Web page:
Diabetes screening test debate—what’s important for New Zealanders?

18 January 2017

Science lab vials in a blue tray

New research calls into question a blood test used to identify diabetes risk. But we shouldn’t throw out the baby with bathwater, warn Prof Jim Mann and Dr Paul Drury.

An Oxford University study and accompanying editorial, published in the British Medical Journal, have raised  questions regarding the most  appropriate approach to prevent or delay  the onset of  type 2 diabetes (T2DM) in people with prediabetes.

This topic is highly relevant to New Zealand where around quarter of a million  people are known to have diabetes, mostly T2DM.  Many more  have undiagnosed and asymptomatic diabetes and an even greater number are at high risk of developing T2DM; they are often described as having prediabetes.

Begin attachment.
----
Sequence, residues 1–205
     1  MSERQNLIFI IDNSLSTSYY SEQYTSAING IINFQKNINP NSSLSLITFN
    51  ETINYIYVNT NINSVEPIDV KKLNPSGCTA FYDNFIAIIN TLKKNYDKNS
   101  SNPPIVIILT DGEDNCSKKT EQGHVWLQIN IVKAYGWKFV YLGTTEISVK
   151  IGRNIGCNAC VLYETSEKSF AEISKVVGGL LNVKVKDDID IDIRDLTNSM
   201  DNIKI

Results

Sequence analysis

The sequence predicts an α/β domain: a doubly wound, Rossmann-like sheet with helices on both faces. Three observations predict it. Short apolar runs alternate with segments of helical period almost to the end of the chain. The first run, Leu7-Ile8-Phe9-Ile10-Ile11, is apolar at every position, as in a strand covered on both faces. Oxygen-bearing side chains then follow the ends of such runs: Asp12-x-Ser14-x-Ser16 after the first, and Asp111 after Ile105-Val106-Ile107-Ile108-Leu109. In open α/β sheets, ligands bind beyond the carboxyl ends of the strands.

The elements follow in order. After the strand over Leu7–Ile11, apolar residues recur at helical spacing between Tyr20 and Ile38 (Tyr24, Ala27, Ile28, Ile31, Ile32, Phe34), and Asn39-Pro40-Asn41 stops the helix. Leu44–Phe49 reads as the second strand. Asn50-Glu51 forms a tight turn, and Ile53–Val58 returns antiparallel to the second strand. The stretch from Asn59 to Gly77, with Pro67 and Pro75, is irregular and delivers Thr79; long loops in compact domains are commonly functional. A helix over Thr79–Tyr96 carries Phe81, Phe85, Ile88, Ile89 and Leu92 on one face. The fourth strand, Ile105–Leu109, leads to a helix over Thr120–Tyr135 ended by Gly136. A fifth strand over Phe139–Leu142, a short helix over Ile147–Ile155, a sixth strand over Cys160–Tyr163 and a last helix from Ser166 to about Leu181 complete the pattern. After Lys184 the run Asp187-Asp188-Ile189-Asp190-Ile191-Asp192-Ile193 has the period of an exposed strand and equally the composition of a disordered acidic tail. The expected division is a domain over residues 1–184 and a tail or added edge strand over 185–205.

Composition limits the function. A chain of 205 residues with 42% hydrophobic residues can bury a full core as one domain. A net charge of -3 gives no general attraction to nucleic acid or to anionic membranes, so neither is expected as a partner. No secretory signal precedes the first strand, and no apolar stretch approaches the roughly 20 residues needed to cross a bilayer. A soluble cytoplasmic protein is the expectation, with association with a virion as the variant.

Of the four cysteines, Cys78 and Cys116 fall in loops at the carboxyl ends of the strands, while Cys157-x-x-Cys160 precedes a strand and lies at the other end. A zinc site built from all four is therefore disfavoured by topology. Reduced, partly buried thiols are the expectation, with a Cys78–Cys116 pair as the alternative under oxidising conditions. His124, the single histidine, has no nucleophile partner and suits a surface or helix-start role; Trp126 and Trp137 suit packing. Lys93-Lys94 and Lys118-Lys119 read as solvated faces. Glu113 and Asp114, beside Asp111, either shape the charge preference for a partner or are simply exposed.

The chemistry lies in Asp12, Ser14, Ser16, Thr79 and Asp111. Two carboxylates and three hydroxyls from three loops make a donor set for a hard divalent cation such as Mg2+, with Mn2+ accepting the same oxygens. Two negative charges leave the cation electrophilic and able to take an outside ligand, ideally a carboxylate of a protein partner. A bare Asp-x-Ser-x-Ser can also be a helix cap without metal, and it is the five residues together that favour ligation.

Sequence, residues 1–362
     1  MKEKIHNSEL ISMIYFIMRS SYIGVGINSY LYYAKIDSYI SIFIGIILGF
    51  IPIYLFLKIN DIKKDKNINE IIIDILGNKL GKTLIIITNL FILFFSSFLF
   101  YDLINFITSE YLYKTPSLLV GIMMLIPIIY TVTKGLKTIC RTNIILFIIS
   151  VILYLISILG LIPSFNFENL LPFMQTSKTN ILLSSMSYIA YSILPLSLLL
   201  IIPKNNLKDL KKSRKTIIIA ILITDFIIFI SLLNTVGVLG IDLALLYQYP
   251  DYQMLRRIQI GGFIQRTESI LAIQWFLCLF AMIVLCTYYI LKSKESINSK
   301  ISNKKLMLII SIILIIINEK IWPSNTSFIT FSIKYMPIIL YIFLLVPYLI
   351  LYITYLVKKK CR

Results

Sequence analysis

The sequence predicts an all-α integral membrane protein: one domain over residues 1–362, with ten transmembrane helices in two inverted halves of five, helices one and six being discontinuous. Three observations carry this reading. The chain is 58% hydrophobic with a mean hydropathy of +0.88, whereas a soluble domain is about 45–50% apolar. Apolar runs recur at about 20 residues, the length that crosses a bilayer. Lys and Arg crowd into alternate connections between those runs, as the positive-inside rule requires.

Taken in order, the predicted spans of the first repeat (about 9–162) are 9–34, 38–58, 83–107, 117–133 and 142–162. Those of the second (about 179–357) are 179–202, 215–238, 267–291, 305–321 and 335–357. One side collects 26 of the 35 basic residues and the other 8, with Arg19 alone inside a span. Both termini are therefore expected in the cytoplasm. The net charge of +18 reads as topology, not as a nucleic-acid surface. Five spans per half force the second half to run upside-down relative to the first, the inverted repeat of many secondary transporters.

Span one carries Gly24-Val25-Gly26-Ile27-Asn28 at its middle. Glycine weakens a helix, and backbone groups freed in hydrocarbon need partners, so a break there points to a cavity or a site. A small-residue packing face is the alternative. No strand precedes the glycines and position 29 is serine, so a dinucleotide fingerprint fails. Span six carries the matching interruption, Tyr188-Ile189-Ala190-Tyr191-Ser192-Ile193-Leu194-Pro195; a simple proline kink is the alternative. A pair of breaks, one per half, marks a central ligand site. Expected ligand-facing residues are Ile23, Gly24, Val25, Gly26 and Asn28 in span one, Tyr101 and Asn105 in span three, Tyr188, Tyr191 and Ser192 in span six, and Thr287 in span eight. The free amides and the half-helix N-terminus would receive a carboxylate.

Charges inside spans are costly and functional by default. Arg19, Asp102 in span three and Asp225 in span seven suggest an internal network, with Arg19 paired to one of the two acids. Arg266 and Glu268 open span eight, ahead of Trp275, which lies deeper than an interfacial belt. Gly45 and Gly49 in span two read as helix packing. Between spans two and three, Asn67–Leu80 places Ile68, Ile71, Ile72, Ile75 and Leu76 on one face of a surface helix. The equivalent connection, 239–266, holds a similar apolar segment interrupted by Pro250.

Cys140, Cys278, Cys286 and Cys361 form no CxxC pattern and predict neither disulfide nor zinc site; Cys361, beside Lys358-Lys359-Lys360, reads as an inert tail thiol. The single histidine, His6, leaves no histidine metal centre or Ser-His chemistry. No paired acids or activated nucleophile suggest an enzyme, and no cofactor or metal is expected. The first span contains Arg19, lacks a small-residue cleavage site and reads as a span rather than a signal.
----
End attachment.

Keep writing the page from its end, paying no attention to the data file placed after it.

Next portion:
Although published just days ago, there has already been debate in the British media regarding the government’s diabetes prevention programme in the light of these findings. It seems appropriate to consider their relevance  to New Zealand where the impact of T2DM is even greater than in the UK.

Professor Jim Mann, Director, Healthier Lives, and colleague Paul Drury, Honorary Consultant in Diabetes, Auckland District Health Board examine this research in the New Zealand context:

  • Is measuring haemoglobin A1c (HbA1c), a measure of blood sugar, a useful test for prediabetes?
  • What exactly is ‘prediabetes’, and how well is it defined?
  • Is there a case for retaining the HbA1c test?
  • What about individual versus population approaches to prevent diabetes?
  • Where do we find the right balance for us?

Read the full article in Sciblog:

Original British Medical Journal article, and editorial:

Healthier Lives diabetes research and news:

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